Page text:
ebooksNow available in paperback
Arts and Entertainment

ebooks
Arts and Entertainment
TV
Arts and Entertainment
Katie Brayben is nominated for Best Actress in a Musical for her role as Carole King in Beautiful

film
Arts and Entertainment
Israeli-born actress Gal Gadot has been cast to play Wonder Woman
film
News
Top Gear presenter James May appears to be struggling with his new-found free time
people
Arts and Entertainment
Kendrick Lamar at the Made in America Festival in Los Angeles last summer
music
Arts and Entertainment
'Marley & Me' with Jennifer Aniston and Owen Wilson
film
Arts and Entertainment
Jon Hamm (right) and John Slattery in the final series of Mad Men
tv
Arts and Entertainment
theatre
Arts and Entertainment
Place Blanche, Paris, 1961, shot by Christer Strömholm
photographyHow the famous camera transformed photography for ever
Arts and Entertainment
The ‘Westmacott Athlete’
art
Arts and Entertainment
‘The Royals’ – a ‘twisted, soapy take on England’s first family’
tv Some of the characters appear to have clear real-life counterparts
News
Brooks is among a dozen show-business professionals ever to have achieved Egot status
people
Arts and Entertainment
A cut above: Sean Penn is outclassed by Mark Rylance in The Gunman
film review
Arts and Entertainment
arts + ents
Arts and Entertainment
James Franco and Zachary Quinto in I Am Michael

Film review Michael Glatze biopic isn't about a self-hating gay man gone straight

Arts and Entertainment
A scene from the movie 'Get Hard'
tvWill Ferrell’s new film Get Hard receives its first reviews
Arts and Entertainment
Left to right: David Cameron (Mark Dexter), Nick Clegg (Bertie Carvel) and Gordon Brown (Ian Grieve)
tvReview: Ian Grieve gets another chance to play Gordon Brown... this is the kinder version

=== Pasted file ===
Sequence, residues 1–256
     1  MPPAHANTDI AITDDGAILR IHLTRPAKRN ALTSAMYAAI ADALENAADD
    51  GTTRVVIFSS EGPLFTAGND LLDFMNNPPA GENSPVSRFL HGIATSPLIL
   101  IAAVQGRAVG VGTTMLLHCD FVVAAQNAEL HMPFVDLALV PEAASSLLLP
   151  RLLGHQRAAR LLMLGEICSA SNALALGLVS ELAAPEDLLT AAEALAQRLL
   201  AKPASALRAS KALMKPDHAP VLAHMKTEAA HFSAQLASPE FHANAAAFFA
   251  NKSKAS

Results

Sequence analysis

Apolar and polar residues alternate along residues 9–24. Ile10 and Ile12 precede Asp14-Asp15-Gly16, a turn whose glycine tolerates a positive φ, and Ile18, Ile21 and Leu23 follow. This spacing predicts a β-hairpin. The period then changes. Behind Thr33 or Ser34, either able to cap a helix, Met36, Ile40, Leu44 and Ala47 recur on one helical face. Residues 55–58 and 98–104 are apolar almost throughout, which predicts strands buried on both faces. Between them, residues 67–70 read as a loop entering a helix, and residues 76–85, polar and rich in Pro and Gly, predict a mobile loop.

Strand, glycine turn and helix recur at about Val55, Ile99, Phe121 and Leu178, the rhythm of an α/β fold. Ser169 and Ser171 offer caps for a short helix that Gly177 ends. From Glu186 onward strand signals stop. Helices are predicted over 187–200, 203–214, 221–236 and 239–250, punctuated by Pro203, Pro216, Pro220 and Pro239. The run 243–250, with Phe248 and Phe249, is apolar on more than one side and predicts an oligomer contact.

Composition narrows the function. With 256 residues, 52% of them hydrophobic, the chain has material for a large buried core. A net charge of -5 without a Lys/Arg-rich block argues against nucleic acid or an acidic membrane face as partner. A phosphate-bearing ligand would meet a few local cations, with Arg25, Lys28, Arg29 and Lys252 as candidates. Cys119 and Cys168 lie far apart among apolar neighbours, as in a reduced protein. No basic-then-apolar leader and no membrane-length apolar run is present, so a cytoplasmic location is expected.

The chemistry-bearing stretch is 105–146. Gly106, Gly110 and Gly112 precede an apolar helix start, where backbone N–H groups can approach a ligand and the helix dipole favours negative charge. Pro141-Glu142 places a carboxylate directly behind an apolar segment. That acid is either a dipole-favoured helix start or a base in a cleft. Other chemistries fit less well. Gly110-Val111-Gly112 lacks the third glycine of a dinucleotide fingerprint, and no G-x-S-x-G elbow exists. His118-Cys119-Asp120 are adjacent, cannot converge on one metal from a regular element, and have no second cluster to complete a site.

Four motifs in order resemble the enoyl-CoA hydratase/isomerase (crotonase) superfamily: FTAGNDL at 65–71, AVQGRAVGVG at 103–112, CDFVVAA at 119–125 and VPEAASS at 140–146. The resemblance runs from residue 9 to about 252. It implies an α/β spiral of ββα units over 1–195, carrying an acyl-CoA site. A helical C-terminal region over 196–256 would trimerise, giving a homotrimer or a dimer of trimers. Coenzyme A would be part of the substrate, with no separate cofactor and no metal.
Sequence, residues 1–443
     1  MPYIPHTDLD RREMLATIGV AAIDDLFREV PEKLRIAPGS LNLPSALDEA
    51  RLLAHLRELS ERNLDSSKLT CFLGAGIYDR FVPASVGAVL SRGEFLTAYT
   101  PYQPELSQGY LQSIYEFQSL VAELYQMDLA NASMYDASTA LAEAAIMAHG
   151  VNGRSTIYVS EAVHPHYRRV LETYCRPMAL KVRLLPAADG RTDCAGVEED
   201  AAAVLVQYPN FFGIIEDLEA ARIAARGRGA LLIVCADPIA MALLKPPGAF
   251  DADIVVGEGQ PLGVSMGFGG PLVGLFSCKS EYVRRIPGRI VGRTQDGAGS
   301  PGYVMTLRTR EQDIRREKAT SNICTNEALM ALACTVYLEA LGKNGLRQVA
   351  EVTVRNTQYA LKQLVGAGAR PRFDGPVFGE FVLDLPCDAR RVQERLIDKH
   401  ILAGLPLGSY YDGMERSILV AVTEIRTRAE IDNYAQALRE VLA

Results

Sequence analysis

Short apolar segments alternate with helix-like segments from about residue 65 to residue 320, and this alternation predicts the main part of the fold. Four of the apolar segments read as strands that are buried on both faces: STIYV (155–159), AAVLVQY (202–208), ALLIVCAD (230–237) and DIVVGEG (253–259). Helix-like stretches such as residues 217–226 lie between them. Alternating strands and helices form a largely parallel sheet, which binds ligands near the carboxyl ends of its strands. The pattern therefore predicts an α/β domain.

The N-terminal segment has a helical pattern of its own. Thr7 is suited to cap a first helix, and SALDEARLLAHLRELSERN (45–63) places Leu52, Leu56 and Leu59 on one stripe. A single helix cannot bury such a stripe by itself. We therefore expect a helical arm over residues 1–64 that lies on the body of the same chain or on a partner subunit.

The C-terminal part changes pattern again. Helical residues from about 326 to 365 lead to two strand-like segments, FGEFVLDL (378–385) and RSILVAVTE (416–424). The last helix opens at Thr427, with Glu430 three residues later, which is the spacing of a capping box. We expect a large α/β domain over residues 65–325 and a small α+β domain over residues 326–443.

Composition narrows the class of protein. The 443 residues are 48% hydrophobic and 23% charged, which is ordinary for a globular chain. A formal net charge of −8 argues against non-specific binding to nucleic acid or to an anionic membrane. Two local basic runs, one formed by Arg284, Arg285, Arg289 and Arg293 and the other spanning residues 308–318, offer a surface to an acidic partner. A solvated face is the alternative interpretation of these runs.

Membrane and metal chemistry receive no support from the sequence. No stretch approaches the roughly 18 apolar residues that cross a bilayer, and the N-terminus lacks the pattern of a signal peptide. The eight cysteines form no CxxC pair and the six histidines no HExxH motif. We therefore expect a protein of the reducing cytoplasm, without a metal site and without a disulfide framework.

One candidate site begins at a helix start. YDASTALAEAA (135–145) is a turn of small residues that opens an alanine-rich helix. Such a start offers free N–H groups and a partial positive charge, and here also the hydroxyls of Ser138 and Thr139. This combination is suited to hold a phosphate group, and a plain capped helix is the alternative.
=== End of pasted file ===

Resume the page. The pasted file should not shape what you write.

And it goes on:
Arts and Entertainment
Benedict Cumberbatch and Martin Freeman in the first look picture from next year's Sherlock special

TV
Arts and Entertainment
Because it wouldn’t be Glastonbury without people kicking off about the headline acts, a petition has already been launched to stop Kanye West performing on the Saturday night

music
Arts and Entertainment
Molly Risker, Helen Monks, Caden-Ellis Wall, Rebekah Staton, Erin Freeman, Philip Jackson and Alexa Davies in ‘Raised by Wolves’

TV review
  • Get to the point
Latest stories from i100
Have you tried new the Independent Digital Edition apps?

ES Rentals

    Independent Dating
    and  

    By clicking 'Search' you
    are agreeing to our
    Terms of Use.

    War with Isis: Iraq declares victory in the battle for Tikrit - but militants make make ominous advances in neighbouring Syria's capital

    War with Isis

    Iraq declares victory in the battle for Tikrit - but militants make make ominous advances in neighbouring Syria
    Scientists develop mechanical spring-loaded leg brace to improve walking

    A spring in your step?

    Scientists develop mechanical leg brace to help take a load off
    Peter Ackroyd on Alfred Hitchcock: How London shaped the director's art and obsessions

    Peter Ackroyd on Alfred Hitchcock

    Ackroyd has devoted his literary career to chronicling the capital and its characters. He tells John Walsh why he chose the master of suspense as his latest subject